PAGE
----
2. The more I read your blog, the more I feel that our experiences are very similar. I would like to share more, but I'm not up to the task of doing so publicly. Contact me at contact@mr-dang.com and I will tell you all about it.

  3. Dude, this is brave.

    You say you're not trying to change the system, but it's clear you sure want to (and it also clearly needs to change). I'm sorry you're going through all of this junk, when your good intentions can't be met by your kids and aren't seen by your administrators. It's absolutely draining, and I don't have any advice to give (also been there myself).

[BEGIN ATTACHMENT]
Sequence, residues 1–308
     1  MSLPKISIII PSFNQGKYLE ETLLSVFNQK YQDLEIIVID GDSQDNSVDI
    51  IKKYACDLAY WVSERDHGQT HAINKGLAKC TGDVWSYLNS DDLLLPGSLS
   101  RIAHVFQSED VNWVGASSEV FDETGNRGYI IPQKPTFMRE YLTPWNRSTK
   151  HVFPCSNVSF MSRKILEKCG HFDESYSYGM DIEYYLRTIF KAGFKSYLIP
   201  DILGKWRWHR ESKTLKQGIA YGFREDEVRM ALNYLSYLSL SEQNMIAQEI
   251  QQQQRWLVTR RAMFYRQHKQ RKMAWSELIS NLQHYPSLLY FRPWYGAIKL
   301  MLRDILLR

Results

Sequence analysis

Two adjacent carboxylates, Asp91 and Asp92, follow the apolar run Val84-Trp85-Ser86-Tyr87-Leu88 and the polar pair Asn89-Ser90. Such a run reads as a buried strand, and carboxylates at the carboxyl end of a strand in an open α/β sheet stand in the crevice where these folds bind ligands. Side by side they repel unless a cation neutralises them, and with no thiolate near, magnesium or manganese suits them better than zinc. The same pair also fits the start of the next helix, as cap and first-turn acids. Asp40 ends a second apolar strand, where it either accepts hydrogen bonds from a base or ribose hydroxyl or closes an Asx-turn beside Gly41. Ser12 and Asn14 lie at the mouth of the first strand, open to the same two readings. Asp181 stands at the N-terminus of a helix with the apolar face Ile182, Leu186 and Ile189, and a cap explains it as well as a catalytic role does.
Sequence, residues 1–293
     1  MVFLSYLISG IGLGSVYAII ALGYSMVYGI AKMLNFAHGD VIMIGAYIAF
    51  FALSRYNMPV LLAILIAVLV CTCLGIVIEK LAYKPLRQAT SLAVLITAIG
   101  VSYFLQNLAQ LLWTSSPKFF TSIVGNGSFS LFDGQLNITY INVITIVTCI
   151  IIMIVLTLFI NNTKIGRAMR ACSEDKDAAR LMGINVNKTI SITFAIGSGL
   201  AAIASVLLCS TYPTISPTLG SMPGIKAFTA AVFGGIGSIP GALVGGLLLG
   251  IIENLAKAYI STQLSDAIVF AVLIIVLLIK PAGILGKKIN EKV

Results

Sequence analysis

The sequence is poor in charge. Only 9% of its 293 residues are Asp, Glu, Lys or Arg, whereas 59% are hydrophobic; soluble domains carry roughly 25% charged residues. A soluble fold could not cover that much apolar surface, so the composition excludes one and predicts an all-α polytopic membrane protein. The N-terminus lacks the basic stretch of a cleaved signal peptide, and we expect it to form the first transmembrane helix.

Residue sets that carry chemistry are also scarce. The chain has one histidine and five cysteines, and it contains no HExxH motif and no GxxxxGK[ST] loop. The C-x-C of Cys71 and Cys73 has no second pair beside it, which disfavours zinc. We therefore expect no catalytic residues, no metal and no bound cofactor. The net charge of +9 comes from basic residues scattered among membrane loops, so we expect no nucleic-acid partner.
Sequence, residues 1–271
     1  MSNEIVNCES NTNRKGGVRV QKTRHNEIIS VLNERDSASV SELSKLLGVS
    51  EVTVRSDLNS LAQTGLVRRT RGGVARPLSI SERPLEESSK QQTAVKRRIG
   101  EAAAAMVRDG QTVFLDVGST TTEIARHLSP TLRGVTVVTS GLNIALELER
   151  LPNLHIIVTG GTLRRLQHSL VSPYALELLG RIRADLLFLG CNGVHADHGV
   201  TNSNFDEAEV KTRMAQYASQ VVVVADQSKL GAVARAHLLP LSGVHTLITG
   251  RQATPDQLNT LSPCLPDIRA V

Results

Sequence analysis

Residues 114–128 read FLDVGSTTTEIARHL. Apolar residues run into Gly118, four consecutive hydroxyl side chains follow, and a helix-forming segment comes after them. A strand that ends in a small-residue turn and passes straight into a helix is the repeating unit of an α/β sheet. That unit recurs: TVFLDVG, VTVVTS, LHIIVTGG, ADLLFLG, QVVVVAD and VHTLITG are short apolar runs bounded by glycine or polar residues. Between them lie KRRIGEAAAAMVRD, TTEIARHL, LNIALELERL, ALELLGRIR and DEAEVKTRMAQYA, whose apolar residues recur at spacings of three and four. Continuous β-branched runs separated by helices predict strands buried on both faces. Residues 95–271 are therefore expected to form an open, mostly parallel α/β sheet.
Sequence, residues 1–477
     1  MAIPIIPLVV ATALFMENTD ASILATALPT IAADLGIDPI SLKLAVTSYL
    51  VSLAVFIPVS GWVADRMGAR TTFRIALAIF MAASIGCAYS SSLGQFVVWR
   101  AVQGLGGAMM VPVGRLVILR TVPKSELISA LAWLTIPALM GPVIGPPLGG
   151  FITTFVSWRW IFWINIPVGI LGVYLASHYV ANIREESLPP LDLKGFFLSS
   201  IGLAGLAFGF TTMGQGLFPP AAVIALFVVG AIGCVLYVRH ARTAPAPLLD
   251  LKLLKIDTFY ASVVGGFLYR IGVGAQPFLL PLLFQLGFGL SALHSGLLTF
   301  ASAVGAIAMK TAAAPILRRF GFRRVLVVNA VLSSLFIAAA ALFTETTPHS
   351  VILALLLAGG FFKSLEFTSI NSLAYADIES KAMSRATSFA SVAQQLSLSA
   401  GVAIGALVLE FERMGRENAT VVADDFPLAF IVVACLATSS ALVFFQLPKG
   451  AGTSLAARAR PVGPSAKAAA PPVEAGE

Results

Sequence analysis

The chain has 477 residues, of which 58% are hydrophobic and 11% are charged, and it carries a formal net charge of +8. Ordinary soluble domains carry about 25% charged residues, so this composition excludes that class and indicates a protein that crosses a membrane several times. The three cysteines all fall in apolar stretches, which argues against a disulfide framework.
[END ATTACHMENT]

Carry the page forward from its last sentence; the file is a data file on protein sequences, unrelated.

Sometimes, it's just the particular kids/year, and sometimes it's time for a new school.

    1. Think globally, act locally. I would love to change the system, but I am realistic about my ability to do so. I'm just trying to make my classroom a positive learning environment for my students.

      Unfortunately, it feels as though the more rope I give them, the more they hang the other students.

  4. Hi Justin,
    Aw, man, I wish there was something I could say or do to help you feel better. Your post has given me A LOT to think about. For instance, why do so many of us feel like this AND suffer in silence? Why do we always feel like we have to be the ones to take the high road? After 6 years, I'm beginning to ask myself these and other questions about why I became a teacher. Anyways ... for what they're worth, here are my thoughts (YMMV):